The Spectator justly remarks that nothing in nature is so variable as a lady's head-dress, and in No. 98 he mentions the extraordinary changes it had undergone within his memory. At the time of his writing it appears to have been as moderate in regard to elevation as at the present moment. The remarkable variations with respect to height, breadth, form and ornament, which may be recollected during the last half-century, and have been faithfully transmitted in the lady's pocket-books and almanacks, will render any earlier extravagancies in this part of dress readily conceivable. It is a pity that the low state of the arts in the first period, did not permit a similar visible representation of the several freaks of fashion, which then took their turn. It would, doubtless, have much gratified a curious enquirer into these subjects, to have met with a picturesque display of those hoods of different gay colours, which are spoken of as a fashionable novelty in the winter of 1712, and made the boxes at the theatres look like parterres of tulips or ranunculuses. The equestrian habits of the ladies call down the censure of the Spectator in No. 435. In imitation of the male dress of that period, they consisted of a hat and feather, a riding-coat, and a peruke, or hair tied up in a bag or with a ribbon; and the resemblance was so perfect, that the information of the petticoat was necessary to determine whether the fair wearer should be addressed as Sir or Madam. The modern crops and round hats are at least as complete a disguise of sex, as far as the head is concerned.
In one of the letters of the Spectator, a lady is made justly to observe, that the male sex is not less addicted to fantastic changes of mode in dress than the female; and a great variety of fashions in wigs and cocks of the hat, is adduced in proof of the assertion. A beau's inventory in the Tatler contains red-heeled shoes and red silk stockings. The dress-wig of that age is well known to have been of enormous dimensions; and it seems to have been a common practice for fine gentlemen, before entering the drawing-room on a visit, to take out a comb and adjust the curls that flowed down on their shoulders. Although the fifty-guinea fleeces of the Foppingtons under Anne and George the first, underwent some diminution in succeeding years, yet wigs of very respectable bulk kept their station upon young heads to a much later date. I remember a family-piece taken about sixty years ago, in which a range of goodly young men, placed in the order of their ages, exhibited that ornament of the head, down to the age of seventeen or eighteen. It seems to have been indicative of quitting the school-boy state for that of the academic or young gentleman. A note in the Spectator from John Sly the haberdasher will amuse one who considers its applicability at the present time. May it please your honour, I have of late seen French hats of prodigious magnitude. pass hy my observatory." I remember when the greatest caricature of a hat that could be conceived was worn on the stage by Antient Pistol; but it was not comparable in extravagance with the strange crescent-like thing
thing that now crowns the head of every military man in the streets, and swings in the hand of every gentleman at a rout or ball. When contrasted with the close-cropped hair, this fashionable hat makes, according to my perceptions, the most ridiculous and grotesque ter mination of the human form divine that caprice ever invented. A curious notice of a bridegroom's dress is given in a letter to the Guardian from a sober citizen, who is much disconcerted at the finery of his wedding apparel. Part of it was "a silk night-gown, and a gaudy fool's-cap," in which the poor man was made to exhibit himself at the window to the gaze of his neighbours. Just such a costume is given by Hogarth to his Industrious Apprentice, as he is paying the drums and marrow-bones and cleavers on the morning after his marriage with his master's daughter. It is a remarkable circumstance that finery in dress should have gone out of fashion in this country at a time when all other luxury has been increasing beyond all former limits; and perhaps no other example can be adduced of a nation só expensive in general habits, and so moderate in apparel, as the English of the present age.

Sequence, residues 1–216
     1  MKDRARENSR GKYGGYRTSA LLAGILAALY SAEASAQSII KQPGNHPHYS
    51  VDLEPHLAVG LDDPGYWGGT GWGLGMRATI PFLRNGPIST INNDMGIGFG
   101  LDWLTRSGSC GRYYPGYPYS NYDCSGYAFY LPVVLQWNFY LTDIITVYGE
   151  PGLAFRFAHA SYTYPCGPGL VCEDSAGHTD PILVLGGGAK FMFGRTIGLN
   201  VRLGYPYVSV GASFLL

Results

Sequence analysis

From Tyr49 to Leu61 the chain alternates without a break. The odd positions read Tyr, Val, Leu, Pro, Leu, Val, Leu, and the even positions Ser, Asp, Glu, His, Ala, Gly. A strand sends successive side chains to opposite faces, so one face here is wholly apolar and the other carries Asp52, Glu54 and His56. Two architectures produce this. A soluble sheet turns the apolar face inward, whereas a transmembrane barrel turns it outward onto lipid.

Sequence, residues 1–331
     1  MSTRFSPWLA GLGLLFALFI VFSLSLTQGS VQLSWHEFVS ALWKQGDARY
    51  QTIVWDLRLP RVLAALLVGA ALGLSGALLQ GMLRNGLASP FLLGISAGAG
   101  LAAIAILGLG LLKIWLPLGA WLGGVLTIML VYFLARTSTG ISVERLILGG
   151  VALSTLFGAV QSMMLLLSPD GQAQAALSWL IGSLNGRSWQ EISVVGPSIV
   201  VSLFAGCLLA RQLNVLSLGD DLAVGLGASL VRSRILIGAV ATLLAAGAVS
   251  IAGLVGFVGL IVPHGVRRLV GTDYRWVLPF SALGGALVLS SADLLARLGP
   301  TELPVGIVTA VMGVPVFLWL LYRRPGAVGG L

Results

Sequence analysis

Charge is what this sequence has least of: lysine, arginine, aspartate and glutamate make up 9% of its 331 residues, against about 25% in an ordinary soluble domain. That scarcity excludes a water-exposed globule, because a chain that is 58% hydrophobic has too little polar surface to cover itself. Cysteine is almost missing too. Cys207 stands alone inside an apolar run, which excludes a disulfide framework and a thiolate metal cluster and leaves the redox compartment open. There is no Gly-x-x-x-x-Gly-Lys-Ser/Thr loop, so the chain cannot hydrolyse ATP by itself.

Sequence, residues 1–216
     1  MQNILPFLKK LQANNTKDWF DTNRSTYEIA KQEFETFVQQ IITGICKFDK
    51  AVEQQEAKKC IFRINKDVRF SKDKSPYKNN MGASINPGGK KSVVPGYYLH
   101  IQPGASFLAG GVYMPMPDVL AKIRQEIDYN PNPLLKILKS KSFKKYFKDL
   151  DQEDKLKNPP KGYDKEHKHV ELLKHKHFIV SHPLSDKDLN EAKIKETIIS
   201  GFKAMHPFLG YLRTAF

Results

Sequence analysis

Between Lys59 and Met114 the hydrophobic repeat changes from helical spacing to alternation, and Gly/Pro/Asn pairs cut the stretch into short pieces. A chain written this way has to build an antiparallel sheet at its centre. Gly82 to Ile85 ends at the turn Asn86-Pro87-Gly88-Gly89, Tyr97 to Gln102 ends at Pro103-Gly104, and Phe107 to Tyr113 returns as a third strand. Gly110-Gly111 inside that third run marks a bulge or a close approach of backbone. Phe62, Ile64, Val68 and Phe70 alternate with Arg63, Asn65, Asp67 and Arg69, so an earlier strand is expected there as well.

The folly of converting court-mournings into public ones, was as common, it seems, a century ago as now, and for the very samé reason, namely, "the general affectation among men of appearing greater than they are." The Spectator gives a ludicrous picture of an old acquaintance of his in narrow circumstances, but possessed with a strong propensity to appear as a man of fashion, who made a single mourning coat serve, by help of scouring, turning, and fresh buttons, for half the potentates in Europe. The mode seems to have descended as low in that age as in the present. "When one is afraid (says the Spectator) to ask the wife of a tradesman, whom she has lost of her family, and after some preparation endeavours to know whom she mourns for, how ridiculous is it to hear her explain herself, That we have lost one of the house of Austria!" That writer considers it as a kind of presumption in inferior persons to enter into the domestic concerns of princes, without an authority for so doing. Others might regard it as an instance of servility. At any rate, there is an incorrectness in misapplying the orders of the court, which one should not expect from those who look up to it as the great source of authority.
Many particulars occur in these periodical papers concerning the hours then kept, compared with those of the preceding age; for the complaint of progressive lateness of hours was as common a century ago, as it is at present. The 263d number of the Tatler is expressly directed against the innovations in this point, and contains several lively reflexions on the absurdity of attempting to invert the order of nature, and turn night into day. The writer says, "In my own memory the dinner has crept by degrees from twelve o'clock to three, and where it will fix, nobody knows." We who have seen it advance to six and seven, can certainly as little conjecture what wili be its farthest limit. Since, indeed, the light of the sun can scarcely cease to have some connexion with human occupations, and the sto